This can cause the part of the brain that is wired to protect us from “danger” to tell the body there’s a problem when there isn’t really one. This can set the body up for “fight, flight or freeze” mode. It interrupts the digestive process (and therefore, the ability to digest correctly).
Anxiety can become further exacerbated around food, or going to the bathroom. It can begin to impact your quality of life in many ways. Some people may become fearful of eating certain foods. Some may start worrying about getting sick before it even happens, called visceral anxiety. Others convince themselves that any outing will result in a bad digestive experience and begin to socially isolate themselves.
Furthermore, research has also suggested that as you experience anxiety, your mind becomes hypersensitive to the spasms of the colon. It decreases the brain’s ability to “buffer” digestive activity and makes you more aware (and more anxious) about the activity in your gut.
Treatment for Anxiety-Related IBS
Fortunately, many people who suffer from IBS can control their symptoms by managing sources of stress and making appropriate changes to their diet and lifestyle.
For those with anxiety and depression, Cognitive Behavioral Therapy (CBT) can teach you to incorporate cognitive techniques that address your thoughts around your anxiety /depression. It also teaches you behavioral and relaxation techniques that will help you to learn how to change certain behaviors around triggers and learn how to talk to your body in a language that it understands. Integrating these techniques will help reduce stress and better manage anxiety that may be contributing to your IBS symptoms.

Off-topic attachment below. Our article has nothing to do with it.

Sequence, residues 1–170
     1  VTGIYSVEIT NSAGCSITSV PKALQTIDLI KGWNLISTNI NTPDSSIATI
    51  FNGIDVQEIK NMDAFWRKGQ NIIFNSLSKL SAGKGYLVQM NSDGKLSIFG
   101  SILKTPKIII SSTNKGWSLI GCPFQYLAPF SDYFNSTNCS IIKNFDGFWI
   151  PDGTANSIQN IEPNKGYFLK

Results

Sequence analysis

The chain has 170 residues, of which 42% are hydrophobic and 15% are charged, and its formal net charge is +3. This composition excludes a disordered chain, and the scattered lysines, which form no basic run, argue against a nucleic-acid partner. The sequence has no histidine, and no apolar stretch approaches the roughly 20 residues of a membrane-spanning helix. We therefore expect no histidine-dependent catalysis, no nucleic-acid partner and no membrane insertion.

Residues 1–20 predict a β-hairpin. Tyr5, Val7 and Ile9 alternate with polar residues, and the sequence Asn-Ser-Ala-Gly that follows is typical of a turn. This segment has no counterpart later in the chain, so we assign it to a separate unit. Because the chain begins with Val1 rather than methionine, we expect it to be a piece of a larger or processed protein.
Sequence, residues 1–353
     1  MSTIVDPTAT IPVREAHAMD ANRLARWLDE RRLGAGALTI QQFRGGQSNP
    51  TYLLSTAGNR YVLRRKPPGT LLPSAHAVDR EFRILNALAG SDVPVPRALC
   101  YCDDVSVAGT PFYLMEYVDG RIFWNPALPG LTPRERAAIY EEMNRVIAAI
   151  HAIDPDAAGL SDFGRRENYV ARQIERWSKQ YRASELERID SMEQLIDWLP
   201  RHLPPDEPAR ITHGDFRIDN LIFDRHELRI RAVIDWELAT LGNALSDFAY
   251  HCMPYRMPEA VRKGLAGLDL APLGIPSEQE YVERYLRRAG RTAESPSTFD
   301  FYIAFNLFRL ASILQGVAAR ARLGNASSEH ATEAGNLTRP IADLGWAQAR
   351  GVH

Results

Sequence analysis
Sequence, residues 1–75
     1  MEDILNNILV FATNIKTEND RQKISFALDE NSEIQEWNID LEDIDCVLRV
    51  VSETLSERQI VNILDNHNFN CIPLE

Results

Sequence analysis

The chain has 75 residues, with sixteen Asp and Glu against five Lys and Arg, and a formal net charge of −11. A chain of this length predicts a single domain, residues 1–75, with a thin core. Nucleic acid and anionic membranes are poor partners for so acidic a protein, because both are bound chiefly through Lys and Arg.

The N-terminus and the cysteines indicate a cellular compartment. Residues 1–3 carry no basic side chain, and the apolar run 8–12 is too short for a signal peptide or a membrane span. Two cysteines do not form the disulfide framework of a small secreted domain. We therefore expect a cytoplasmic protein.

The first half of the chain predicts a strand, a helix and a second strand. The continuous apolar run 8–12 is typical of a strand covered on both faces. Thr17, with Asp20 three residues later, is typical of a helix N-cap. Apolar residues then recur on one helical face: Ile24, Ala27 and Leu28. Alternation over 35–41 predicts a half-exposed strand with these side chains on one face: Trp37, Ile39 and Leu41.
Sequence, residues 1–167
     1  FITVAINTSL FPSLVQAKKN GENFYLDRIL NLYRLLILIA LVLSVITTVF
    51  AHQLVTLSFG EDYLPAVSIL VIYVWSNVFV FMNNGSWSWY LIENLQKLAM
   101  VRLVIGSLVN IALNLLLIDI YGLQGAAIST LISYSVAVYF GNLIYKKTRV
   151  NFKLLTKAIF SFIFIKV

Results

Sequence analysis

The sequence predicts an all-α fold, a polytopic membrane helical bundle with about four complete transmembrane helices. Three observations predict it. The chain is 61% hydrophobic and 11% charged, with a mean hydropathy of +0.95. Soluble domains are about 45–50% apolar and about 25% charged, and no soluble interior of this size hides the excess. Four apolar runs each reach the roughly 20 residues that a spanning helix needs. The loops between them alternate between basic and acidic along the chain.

Another treatment that has been proven helpful in recent studies for many IBS sufferers is Gut-Directed Hypnotherapy. This specialized hypnotherapy focuses on creating a healthier line of “communication” between your gut and your brain through guided-imagery sessions of hypnosis which help to reteach the brain how to correctly interpret the signals being received from the gut.
If you believe that your symptoms of IBS are being impacted or caused primarily by anxiety, a licensed therapist with experience in dealing with digestive disorders can help. With support and guidance, you can learn how to better manage your life stressors and alleviate some triggers of your IBS.
For more detailed information on the brain-gut connection, we recommend Dr. Emeran Mayer’s book The Mind-Gut Connection: How the Hidden Conversation Within Our Bodies Impacts Our Mood, Our Choices, and Our Overall Health. HarperCollins, 2016
About the author(s)
Karen is the founder and Clinical Director of Cohesive Therapy NYC. She earned a Masters in Social Work from New York University and has extensive training in Hypnosis, Anxiety, Cognitive Behavioral Therapy, Brainspotting, and DGBI. She is a member of the Institute of Certified Anxiety Treatment Professionals, The Rome Foundation, the National Association of Social Workers, The Crohn's and Colitis Foundation, and the American Social of Clinical Hypnosis.